Featured Research

from universities, journals, and other organizations

Links between hypertension, bipolar disorders identified

Date:
June 14, 2010
Source:
Michigan State University
Summary:
Nearly half of patients hospitalized with bipolar disorder may suffer from hypertension, and the younger a person is diagnosed with the psychiatric condition the more likely they are to develop high blood pressure, according to a recent study. The research analyzed 99 patients hospitalized for bipolar disorder, a condition sometimes called manic-depressive disorder.

Nearly half of patients hospitalized with bipolar disorder may suffer from hypertension, and the younger a person is diagnosed with the psychiatric condition the more likely they are to develop high blood pressure, according to a recent Michigan State University study.

The study, led by MSU psychiatrist Dale D'Mello, analyzed 99 patients hospitalized for bipolar disorder, a condition sometimes called manic-depressive disorder and characterized by mood swings ranging from depression to mental hyperactivity known as mania.

D'Mello presented his findings -- which could lead to improved treatments -- recently at the American Psychiatric Association's 2010 annual meeting in New Orleans.

While the connection between such disorders and cardio-metabolic conditions such as heart disease and diabetes has been established, D'Mello also discovered bipolar patients with high blood pressure suffered higher levels of mania.

"There is a large clinical relevance to the finding hypertension could be linked to the severity of bipolar disorders," he said. "There is some similarity to the pathology of the two conditions; they both can be triggered by stress and are tied to the excretion of norepinephrine, a hormone affecting how the brain reacts to stress."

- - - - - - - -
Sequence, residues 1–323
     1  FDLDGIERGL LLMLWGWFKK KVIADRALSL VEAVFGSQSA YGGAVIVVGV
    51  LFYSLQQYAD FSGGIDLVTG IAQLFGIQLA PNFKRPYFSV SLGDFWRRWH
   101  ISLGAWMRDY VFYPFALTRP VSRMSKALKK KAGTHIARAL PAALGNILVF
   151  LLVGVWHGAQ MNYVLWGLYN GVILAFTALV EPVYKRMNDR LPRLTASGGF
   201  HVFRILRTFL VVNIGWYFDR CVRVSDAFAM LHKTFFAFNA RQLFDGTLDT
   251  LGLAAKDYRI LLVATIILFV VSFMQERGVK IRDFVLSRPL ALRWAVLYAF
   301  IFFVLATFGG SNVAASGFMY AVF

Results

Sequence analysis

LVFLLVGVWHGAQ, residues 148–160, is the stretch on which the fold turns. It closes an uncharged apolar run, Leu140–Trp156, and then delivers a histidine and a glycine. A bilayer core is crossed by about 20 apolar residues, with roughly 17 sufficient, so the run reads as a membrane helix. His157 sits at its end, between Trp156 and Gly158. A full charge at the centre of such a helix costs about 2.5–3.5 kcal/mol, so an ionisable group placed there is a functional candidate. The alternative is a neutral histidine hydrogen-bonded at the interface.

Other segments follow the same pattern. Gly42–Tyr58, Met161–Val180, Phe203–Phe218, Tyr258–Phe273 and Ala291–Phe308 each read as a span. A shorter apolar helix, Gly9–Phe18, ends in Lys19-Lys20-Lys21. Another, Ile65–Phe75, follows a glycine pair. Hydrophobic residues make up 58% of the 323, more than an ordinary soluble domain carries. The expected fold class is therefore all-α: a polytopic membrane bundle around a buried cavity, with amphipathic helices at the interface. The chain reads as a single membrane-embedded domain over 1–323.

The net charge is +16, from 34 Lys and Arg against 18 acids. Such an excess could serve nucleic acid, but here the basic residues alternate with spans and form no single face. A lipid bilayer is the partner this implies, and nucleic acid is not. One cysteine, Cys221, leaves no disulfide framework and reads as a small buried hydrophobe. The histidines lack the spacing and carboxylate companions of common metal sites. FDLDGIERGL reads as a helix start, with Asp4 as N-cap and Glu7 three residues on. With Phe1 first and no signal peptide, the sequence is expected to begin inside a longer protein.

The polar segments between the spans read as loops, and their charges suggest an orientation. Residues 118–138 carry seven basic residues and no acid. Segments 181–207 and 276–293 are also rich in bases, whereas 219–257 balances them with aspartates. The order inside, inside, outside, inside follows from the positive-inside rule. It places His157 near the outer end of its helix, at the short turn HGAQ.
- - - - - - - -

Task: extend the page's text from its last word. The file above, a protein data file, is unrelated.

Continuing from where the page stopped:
Understanding how bipolar disorder and cardio-metabolic conditions are linked could help physicians create more effective treatment options, he added.

"These findings show that we should look to treat hypertension more aggressively in bipolar patients," said D'Mello, who has been studying the link between psychiatric and medical conditions for decades. "There also is some evidence hypertension may lead to brain lesions; diagnosing high blood pressure and treating it earlier may change the medical outcomes for people battling bipolar disorders."

In addition, similar to how certain drugs such as lithium do not work as well in bipolar patients who are obese, different medications may be identified that work better.

D'Mello, a professor in MSU's Department of Psychiatry, part of the colleges of Human Medicine and Osteopathic Medicine, said the next step is to discover how hypertension and other cardio-metabolic disorders interact over the long term.

"Is this just a point of time comparison or an enduring concern? We need to follow people and look at mania ratings over a period of time and not just during a hospital stay," he said.


Story Source:

The above story is based on materials provided by Michigan State University. Note: Materials may be edited for content and length.